The Cold War and Other Wars That Weren't
Oh, for a year without war: As 2013 cranks into full gear, it is sadly true that this year will be no doubt be like so many others. Conflicts in Afghanistan, Mali, Syria and elsewhere continue to cause loss and hardship, and there's probably some new, as-yet unforeseen disagreement about to devolve into full-scale war . . .
But not everything described as war is actually what we think of as a real, honest-to-goodness military conflict fought during a discrete set of years. We throw the word "war" around almost too easily, as evidenced by these "wars" that somehow weren't, or weren't really.
The Hundred Years War
Even the mere name sounds like hell. The 100-Year War was not one war, however--instead, it was a series of battles fought from 1337-1453 between the kingdoms of France and England for control of the French throne. We could bore you with the three phases (Edwardian, Caroline, Lancastrian) and the individual battles (including the wonderfully-named War of the Two Peters), but all you really need to know is that France's population basically halved during the Wars, and that no one really won. Key figures covered by Desmond Seward in "The Hundred Years War" include Henry V (probably not the heroic Shakespearian figure we've come to admire--more like a rape-pillager kinda guy) and Joan of Arc, who helped fight off the English during the Siege of Orléans before being put to the stake at just 19 years of age.
The Phoney War
World War II was declared by the Allies on September 3, 1939, after the Germans invaded Poland. But from that time to around May 1940, the war entered a "phoney" phase in which preparations were made and skirmishes occurred, but actual worldwide conflict was still in the dark future. Churchill called this time the "Twilight War," and John Lukacs' book "Five Days in London: May 1940," details the five-day politicking, led by Churchill, which finally turned the phoney war into an actual conflict.
The Cold War
Though the Cold War is sometimes thought of more as a state of mind than an actual set of conflicts, like the Hundred Years War, it served to define a large sweep of history (most historians date the Cold War from the cessation of World War II to the demise of Soviet power in 1991). The fight between U.S.-led western states and Soviet-allied communist countries for world dominance encompassed not only espionage, nuclear standoffs and lots of saber-rattling, but also real wars such as those in Korea and Vietnam. Michael Dobbs chronicles the establishment of the chilliest of historical periods in "Six Months in 1945: FDR, Stalin, Churchill, and Truman--from World War to Cold War."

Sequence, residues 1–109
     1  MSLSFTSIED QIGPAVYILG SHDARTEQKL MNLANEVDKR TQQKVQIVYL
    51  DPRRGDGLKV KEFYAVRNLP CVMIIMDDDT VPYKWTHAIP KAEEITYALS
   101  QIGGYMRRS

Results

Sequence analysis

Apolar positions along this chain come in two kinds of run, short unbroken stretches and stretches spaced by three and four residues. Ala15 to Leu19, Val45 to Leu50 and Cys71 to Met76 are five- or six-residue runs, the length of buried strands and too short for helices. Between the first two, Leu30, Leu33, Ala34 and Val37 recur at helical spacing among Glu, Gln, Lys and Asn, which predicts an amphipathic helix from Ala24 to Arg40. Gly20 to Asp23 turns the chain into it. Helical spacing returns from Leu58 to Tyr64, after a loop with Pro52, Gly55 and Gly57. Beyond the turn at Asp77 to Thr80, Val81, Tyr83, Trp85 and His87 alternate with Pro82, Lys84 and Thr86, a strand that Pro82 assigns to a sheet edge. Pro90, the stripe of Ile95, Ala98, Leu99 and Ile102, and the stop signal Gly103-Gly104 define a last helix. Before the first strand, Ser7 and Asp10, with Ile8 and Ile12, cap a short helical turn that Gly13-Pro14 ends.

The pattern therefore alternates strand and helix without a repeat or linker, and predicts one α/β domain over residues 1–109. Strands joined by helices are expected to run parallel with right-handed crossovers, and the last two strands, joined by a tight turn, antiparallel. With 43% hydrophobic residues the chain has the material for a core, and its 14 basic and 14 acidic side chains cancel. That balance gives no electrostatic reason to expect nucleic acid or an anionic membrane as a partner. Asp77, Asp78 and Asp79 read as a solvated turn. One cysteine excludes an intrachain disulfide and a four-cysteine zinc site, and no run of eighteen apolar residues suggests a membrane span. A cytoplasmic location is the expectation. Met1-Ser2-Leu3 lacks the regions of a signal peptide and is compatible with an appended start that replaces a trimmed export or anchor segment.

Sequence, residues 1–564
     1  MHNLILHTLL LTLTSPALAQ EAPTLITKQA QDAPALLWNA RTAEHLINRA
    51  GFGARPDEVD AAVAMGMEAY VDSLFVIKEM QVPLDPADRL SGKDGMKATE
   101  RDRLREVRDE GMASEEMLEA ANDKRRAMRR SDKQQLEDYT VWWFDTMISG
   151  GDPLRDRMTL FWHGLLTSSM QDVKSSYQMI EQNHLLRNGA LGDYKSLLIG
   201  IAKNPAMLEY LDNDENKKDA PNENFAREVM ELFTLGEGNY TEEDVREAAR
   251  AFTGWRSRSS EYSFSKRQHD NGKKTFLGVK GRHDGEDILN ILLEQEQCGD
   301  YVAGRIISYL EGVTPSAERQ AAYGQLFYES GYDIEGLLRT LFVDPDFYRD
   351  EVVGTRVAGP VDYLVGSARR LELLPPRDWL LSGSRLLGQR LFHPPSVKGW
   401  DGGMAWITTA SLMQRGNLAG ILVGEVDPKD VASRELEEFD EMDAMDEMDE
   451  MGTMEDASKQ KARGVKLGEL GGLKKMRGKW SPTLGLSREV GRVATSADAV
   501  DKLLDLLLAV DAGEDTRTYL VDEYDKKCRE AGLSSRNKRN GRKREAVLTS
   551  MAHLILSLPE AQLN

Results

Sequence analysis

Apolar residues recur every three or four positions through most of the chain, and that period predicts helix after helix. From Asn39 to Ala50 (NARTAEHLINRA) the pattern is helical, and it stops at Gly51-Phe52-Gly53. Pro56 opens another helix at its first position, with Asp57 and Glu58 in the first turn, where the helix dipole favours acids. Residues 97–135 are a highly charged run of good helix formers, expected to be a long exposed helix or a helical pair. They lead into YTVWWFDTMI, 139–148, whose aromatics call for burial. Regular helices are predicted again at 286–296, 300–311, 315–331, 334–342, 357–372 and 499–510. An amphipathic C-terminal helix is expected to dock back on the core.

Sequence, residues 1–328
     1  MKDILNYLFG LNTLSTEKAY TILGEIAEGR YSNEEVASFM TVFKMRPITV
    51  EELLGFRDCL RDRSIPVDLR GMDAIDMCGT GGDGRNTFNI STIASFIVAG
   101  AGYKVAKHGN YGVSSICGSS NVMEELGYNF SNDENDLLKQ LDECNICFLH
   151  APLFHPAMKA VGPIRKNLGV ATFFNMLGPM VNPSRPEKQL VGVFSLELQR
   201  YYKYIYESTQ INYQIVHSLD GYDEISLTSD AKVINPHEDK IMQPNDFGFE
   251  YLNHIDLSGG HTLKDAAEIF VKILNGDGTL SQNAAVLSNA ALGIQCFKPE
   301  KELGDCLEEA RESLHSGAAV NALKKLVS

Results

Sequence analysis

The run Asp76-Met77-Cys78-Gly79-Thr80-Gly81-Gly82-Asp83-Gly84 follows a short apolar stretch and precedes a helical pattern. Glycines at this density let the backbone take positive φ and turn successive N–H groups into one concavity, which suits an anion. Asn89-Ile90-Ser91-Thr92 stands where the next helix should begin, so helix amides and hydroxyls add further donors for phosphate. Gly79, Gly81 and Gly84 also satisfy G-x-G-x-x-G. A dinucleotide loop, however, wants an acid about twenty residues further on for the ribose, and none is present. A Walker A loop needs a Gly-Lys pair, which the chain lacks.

World War III
Just how close did the world come to a Third World War? Depends on who you ask, but most agree that the 13 days of the Cuban Missile Crisis in October 1962, constitute as near as you can get to a war to end all wars. The U.S. had tried to overturn Castro's Cuba and failed; the Soviets proposed housing a nuclear arsenal on the island in response; and by October 15, the nominal start of the crisis, the world teetered on the edge of annihilation. By October 28, the U.S. had agreed to leave Cuba alone, and the Soviets had pulled back too--but in "The Kennedy Tapes: Inside the White House during the Cuban Missile Crisis," we get to hear firsthand just how close we came.
The War on Drugs
It's only in recent years that politicians, academics, law enforcement and cultural commentators have started to have deep misgivings about the War on Drugs. Dating back to Nixon, this fervent effort to use both domestic legislation and foreign military force to stanch the flow of drugs on to American streets has had mixed results--and as thousands languish in jail, legislators have looked at ways to mitigate what has been, to many, a failed initiative. Judge James Gray--himself on the front lines as a prosecutor then on the bench--makes the judicial case for how to move away from the Draconian legal approach in his book, "Why Our Drug Laws Have Failed: A Judicial Indictment Of War On Drugs."
The War on Terrorism
Waging war against terrorism is an incredibly difficult undertaking: Terrorists do what they do as a kind of deadly theater, a bloody spectacle to scare their political opponents into panic measures or capitulation, and then they disappear (if they survive at all). But merely finding the enemy--not a massed rank of soldiers, but individuals hiding out in mountain caves or even amongst their potential victims--is often an impossible task. After 9/11, the War on Terror grew to dominate the minds of countless U.S. civilians, and the 18 months in that war that followed September 11 are chronicled by Kurt Eichenwald in "500 Days."
World War Z
War--and non-war--is just as prevalent in fiction as in life: Max Brooks, son of legendary funny man Mel, and author of "The Zombie Survival Guide," has managed to turn the specter of the undead into the thing that stands in for all our fears, be they terrorism, or pandemics, or viruses. In his novel "World War Z," (soon to be a movie starring Brad Pitt), he does for a fictional zombie war what Studs Terkel did for real wars--he "travels the world," interviewing "survivors," and in doing so shows that wars of all kind can be real, even ones that exist only in our imaginations.